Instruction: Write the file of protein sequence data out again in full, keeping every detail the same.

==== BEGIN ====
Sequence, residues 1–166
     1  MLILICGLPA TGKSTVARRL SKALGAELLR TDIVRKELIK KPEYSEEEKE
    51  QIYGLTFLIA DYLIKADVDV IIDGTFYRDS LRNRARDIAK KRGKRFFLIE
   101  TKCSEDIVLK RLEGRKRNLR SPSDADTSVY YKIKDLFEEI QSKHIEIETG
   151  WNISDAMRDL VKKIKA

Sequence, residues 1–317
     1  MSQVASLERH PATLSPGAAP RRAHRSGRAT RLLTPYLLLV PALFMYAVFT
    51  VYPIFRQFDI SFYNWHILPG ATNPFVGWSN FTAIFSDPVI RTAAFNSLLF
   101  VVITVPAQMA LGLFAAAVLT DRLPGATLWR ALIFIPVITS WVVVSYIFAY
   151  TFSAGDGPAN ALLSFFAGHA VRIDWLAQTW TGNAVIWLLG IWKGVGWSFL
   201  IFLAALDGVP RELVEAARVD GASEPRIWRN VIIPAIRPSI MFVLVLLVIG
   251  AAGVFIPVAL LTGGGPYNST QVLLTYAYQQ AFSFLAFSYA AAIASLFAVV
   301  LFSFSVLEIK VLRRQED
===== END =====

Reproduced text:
Sequence, residues 1–166
     1  MLILICGLPA TGKSTVARRL SKALGAELLR TDIVRKELIK KPEYSEEEKE
    51  QIYGLTFLIA DYLIKADVDV IIDGTFYRDS LRNRARDIAK KRGKRFFLIE
   101  TKCSEDIVLK RLEGRKRNLR SPSDADTSVY YKIKDLFEEI QSKHIEIETG
   151  WNISDAMRDL VKKIKA

Sequence, residues 1–317
     1  MSQVASLERH PATLSPGAAP RRAHRSGRAT RLLTPYLLLV PALFMYAVFT
    51  VYPIFRQFDI SFYNWHILPG ATNPFVGWSN FTAIFSDPVI RTAAFNSLLF
   101  VVITVPAQMA LGLFAAAVLT DRLPGATLWR ALIFIPVITS WVVVSYIFAY
   151  TFSAGDGPAN ALLSFFAGHA VRIDWLAQTW TGNAVIWLLG IWKGVGWSFL
   201  IFLAALDGVP RELVEAARVD GASEPRIWRN VIIPAIRPSI MFVLVLLVIG
   251  AAGVFIPVAL LTGGGPYNST QVLLTYAYQQ AFSFLAFSYA AAIASLFAVV
   301  LFSFSVLEIK VLRRQED